Okay, so do you remember the story of grid lines inside of grid? You ever heard about grid lines? Okay, so in your grid you have, obviously, a series of lines represented by these fine borders, yeah? Okay, and you can count these lines, the numbers are their names. You start counting like a human with number one, not like an engineer.

Don't start with zero, okay? Count like a human. So this line here is? Line one. This line here is?
>> Two.
>> Two. This line here is?
>> Three.
>> Three. This line here is?
>> Four.
>> Four, okay? Likewise, we can do it with rows. So this line on the top is?

>> One.
>> One. This one is?
>> Two.
>> Two, it looks like two lines cuz of the two borders, but it's really just one line, all right? This line here is?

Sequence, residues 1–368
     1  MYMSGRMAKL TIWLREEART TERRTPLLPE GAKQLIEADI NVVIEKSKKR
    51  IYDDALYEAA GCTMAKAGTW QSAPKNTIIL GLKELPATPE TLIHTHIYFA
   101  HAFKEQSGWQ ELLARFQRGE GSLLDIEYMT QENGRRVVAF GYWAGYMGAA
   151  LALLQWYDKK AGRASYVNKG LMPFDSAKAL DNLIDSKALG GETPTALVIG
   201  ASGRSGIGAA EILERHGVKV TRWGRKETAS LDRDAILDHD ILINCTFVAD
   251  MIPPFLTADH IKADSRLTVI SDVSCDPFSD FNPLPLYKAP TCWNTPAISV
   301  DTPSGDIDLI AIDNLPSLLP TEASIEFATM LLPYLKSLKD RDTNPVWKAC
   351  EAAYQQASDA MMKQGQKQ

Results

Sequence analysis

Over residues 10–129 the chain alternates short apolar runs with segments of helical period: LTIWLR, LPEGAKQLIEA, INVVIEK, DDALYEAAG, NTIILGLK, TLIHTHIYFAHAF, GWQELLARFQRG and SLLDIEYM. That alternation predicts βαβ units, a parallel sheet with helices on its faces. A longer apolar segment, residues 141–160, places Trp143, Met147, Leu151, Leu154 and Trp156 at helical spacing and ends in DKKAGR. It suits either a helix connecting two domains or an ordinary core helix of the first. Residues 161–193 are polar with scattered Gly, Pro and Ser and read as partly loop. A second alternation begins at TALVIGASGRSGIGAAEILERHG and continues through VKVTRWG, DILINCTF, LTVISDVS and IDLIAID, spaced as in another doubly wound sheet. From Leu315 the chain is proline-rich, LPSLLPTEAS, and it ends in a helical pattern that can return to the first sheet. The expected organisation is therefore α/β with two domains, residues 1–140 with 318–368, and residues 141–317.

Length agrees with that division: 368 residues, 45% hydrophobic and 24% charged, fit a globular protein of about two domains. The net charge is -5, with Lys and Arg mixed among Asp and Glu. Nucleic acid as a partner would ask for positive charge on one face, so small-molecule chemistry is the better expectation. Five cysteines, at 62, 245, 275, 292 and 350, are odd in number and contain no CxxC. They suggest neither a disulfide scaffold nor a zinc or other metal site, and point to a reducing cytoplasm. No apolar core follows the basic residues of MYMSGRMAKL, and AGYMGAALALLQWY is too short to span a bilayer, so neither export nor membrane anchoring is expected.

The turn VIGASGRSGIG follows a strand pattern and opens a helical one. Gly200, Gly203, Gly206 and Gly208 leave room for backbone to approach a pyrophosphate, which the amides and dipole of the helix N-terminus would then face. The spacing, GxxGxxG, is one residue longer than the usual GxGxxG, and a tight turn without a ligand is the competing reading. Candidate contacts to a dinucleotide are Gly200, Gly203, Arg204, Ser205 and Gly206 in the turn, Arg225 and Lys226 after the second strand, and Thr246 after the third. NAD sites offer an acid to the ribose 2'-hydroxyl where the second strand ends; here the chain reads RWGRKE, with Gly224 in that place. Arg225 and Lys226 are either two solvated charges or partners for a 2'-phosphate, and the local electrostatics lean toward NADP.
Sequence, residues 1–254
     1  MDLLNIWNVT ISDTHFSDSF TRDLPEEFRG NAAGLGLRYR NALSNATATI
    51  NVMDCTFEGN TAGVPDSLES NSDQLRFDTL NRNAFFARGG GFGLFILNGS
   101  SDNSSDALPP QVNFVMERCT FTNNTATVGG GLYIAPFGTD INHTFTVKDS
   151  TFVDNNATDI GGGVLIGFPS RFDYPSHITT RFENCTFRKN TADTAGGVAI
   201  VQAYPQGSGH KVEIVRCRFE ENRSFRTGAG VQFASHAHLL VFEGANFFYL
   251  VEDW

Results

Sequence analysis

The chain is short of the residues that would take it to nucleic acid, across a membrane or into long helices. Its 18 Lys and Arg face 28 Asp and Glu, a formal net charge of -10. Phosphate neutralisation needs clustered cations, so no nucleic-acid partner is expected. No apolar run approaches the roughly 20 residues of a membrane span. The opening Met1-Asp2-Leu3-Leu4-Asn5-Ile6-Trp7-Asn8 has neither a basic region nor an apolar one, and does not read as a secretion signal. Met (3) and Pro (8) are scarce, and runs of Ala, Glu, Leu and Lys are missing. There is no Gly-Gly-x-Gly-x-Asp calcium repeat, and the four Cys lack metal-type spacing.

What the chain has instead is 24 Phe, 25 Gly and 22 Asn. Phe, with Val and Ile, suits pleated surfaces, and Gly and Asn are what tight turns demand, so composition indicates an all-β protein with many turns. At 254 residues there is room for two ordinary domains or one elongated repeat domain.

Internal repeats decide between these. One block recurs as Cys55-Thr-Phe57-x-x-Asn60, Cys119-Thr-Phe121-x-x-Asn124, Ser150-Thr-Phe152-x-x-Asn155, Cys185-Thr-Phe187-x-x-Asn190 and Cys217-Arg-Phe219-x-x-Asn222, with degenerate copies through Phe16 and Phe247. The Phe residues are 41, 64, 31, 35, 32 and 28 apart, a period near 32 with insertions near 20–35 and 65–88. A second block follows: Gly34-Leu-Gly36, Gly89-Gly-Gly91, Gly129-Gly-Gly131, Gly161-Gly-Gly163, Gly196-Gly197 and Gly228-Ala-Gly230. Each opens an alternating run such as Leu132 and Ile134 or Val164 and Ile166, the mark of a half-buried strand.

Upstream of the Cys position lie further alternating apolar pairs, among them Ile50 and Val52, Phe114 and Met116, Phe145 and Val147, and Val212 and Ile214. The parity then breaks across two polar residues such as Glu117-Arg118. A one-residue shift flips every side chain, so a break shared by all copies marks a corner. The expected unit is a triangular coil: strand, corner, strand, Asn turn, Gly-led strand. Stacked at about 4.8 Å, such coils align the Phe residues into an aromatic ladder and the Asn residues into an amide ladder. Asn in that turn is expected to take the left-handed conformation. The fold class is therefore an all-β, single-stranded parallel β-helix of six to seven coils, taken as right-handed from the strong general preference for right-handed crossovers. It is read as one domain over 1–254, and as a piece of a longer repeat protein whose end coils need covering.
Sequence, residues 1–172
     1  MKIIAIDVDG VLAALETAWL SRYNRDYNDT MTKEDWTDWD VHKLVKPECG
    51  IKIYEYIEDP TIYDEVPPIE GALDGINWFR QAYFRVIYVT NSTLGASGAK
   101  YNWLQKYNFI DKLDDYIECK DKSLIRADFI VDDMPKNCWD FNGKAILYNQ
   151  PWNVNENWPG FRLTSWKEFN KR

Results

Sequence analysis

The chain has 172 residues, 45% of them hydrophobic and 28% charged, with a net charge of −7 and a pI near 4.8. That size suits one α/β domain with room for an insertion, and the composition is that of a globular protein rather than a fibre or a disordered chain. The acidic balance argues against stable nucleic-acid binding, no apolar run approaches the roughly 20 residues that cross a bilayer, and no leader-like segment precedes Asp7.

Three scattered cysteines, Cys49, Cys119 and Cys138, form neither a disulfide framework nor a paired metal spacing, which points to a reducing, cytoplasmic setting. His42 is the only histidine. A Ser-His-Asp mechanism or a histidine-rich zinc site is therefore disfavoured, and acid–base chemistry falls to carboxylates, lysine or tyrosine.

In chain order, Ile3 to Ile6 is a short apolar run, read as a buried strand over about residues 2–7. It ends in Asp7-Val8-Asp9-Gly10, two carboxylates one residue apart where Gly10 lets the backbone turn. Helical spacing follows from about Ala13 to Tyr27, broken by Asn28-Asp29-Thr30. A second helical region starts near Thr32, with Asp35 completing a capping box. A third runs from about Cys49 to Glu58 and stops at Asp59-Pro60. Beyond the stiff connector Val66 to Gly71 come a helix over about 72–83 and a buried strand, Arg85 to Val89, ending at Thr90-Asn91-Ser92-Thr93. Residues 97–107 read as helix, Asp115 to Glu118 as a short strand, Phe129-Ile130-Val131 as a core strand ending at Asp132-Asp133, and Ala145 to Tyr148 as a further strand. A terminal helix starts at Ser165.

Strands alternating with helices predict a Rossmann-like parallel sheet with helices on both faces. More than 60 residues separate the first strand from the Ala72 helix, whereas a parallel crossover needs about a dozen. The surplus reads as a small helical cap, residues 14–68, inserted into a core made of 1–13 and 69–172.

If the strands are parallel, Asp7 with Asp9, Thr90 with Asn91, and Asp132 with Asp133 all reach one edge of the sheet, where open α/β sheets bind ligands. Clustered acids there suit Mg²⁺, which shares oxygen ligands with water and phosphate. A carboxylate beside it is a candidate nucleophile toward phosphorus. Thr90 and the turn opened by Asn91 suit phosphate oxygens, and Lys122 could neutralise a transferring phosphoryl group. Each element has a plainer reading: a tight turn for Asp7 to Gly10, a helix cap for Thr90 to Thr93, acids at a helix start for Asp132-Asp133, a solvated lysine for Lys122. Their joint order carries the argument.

>> Three.
>> Three, and this one down here at the bottom is four. Yeah, okay, so we can specify an area with our main h1, because that tour is an h1, and we can specify that area using those numbers.

So what would be the starting point for our row? What number do we start with for our tour? If we want it to go all the way across here, what number do we start with?
>> One.
>> One, so, we're gonna say grid-area, and the shorthand goes like this, Let me put in the numbers and then I'll tell you.

1 is for that first row. Where is our column number starting?
>> Online says -1.
>> -1, really? No, not -1, we're starting with 1, yeah.
>> 0?
>> No, 1. We count like humans, we start with 1. We don't start with -1, we don't start with 0, [LAUGH] okay?

So we start with 1 as our starting row, what is our starting column number?
>> 1.
>> 1, so that's the next number. Okay, where is our ending row?
>> 4.
>> No, 2.
>> How many say 2? How many say 4? Okay, it would be 2, because we just want it to span over this first row.

Not all the rows, just the first row. So 2, that's our ending row, and our column would be what?
>> 4.